Hidden History

Norfolk police chief talks history of the city's first African-American officers

NORFOLK, Va. (WAVY) -- Norfolk Police Chief Larry Boone looks back at historic pictures from his department, showing some of the first African-American officers who started in the mid 1940s.

"Can you imagine what these officers were faced with?" said Chief Boone.

The pictures tell a story many may not know.

Boone says the first African-American officers in Norfolk were also the first in the state.

There were many things black officers couldn't do back then.

"They were confined to the African-American community, they were never told they couldn't arrest Caucasians, but one would never find a Caucasian in these communities they were patrolling," Boone said. 

Boone says they were also not allowed to ride in police cars for a long time.

Former Norfolk police officer Leon Williams started working with the department in the late 70s.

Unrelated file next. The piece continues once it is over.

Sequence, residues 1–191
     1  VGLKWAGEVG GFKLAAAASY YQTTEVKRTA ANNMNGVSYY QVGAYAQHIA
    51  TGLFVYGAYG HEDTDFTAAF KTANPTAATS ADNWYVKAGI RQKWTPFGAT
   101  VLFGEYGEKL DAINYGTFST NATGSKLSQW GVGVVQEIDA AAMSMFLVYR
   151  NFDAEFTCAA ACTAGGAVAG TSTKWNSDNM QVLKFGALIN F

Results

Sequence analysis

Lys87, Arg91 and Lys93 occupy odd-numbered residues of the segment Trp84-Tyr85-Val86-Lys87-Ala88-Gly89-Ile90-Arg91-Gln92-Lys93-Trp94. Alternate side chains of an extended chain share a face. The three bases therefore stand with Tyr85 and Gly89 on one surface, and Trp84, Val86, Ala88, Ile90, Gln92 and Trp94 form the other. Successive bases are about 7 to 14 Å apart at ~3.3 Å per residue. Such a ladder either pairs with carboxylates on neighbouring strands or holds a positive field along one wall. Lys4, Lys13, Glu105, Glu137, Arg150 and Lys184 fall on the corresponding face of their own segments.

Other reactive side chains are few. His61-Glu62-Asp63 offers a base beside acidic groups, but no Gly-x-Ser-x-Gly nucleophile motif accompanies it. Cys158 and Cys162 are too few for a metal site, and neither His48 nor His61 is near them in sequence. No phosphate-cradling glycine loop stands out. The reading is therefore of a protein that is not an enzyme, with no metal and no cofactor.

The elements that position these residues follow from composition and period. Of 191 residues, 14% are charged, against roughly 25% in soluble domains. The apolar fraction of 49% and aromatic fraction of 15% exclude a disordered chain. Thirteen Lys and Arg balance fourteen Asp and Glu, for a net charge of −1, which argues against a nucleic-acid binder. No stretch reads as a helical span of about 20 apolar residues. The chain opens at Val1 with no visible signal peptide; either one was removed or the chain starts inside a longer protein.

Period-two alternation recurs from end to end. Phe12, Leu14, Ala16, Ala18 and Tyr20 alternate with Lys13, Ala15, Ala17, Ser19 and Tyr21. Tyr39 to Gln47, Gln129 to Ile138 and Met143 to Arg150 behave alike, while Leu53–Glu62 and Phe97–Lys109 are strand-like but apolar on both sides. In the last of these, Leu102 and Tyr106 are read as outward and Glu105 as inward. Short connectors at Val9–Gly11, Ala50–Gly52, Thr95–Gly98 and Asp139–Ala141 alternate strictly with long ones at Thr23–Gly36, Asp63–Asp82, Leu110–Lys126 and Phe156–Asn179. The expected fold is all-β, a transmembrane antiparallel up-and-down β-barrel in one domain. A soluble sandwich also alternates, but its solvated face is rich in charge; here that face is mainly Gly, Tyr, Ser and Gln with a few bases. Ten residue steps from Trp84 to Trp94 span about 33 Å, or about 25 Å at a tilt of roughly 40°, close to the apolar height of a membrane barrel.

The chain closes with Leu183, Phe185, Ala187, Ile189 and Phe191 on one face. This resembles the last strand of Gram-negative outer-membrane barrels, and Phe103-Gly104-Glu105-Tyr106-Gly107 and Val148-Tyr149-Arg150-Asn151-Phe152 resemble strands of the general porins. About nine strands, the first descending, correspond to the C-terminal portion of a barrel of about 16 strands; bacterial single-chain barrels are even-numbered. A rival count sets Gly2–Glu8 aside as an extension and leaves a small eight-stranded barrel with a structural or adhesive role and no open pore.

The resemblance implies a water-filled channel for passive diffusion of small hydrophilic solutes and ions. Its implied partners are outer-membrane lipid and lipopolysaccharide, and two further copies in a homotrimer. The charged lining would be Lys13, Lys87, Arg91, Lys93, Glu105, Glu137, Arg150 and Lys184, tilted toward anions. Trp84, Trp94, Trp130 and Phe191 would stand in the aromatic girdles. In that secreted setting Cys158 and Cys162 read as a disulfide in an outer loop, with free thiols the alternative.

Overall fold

He was the first "officer friendly."

"Our job was to go into the school system from kindergarten to about third grade, and make the young people more relaxed and at ease for what the job of a police man is," said Williams.

He said he knew some of the few African-American officers that served before him, and learned from their challenges.

"One of my mentors that was already in the police department was officer Carter Wilson. I leaned on him a lot when I got into the police department for learning," Williams said. 

Both Chief Boone and former officer Williams talked about where the department once was, and just how far it's come.

"The Norfolk Police Department, we are the most diverse by way of rank and file than any other police department in Hampton Roads," Boone said. 


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